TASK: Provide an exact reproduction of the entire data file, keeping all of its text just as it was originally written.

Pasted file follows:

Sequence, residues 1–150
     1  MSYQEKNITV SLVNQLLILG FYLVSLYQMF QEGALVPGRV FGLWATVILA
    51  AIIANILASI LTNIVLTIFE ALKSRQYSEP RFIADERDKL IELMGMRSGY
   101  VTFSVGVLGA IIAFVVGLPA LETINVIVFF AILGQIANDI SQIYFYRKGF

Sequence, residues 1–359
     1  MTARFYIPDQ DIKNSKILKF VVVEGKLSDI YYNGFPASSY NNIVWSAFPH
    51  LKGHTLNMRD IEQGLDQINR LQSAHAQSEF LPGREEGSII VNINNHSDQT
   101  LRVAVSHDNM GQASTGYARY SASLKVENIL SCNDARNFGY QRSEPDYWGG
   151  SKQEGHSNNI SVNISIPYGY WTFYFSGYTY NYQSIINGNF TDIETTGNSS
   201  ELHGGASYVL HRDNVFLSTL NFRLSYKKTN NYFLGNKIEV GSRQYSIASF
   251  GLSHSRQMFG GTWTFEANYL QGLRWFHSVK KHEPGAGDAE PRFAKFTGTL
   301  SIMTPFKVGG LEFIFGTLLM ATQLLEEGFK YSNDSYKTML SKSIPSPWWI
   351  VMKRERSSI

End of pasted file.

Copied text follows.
Sequence, residues 1–150
     1  MSYQEKNITV SLVNQLLILG FYLVSLYQMF QEGALVPGRV FGLWATVILA
    51  AIIANILASI LTNIVLTIFE ALKSRQYSEP RFIADERDKL IELMGMRSGY
   101  VTFSVGVLGA IIAFVVGLPA LETINVIVFF AILGQIANDI SQIYFYRKGF

Sequence, residues 1–359
     1  MTARFYIPDQ DIKNSKILKF VVVEGKLSDI YYNGFPASSY NNIVWSAFPH
    51  LKGHTLNMRD IEQGLDQINR LQSAHAQSEF LPGREEGSII VNINNHSDQT
   101  LRVAVSHDNM GQASTGYARY SASLKVENIL SCNDARNFGY QRSEPDYWGG
   151  SKQEGHSNNI SVNISIPYGY WTFYFSGYTY NYQSIINGNF TDIETTGNSS
   201  ELHGGASYVL HRDNVFLSTL NFRLSYKKTN NYFLGNKIEV GSRQYSIASF
   251  GLSHSRQMFG GTWTFEANYL QGLRWFHSVK KHEPGAGDAE PRFAKFTGTL
   301  SIMTPFKVGG LEFIFGTLLM ATQLLEEGFK YSNDSYKTML SKSIPSPWWI
   351  VMKRERSSI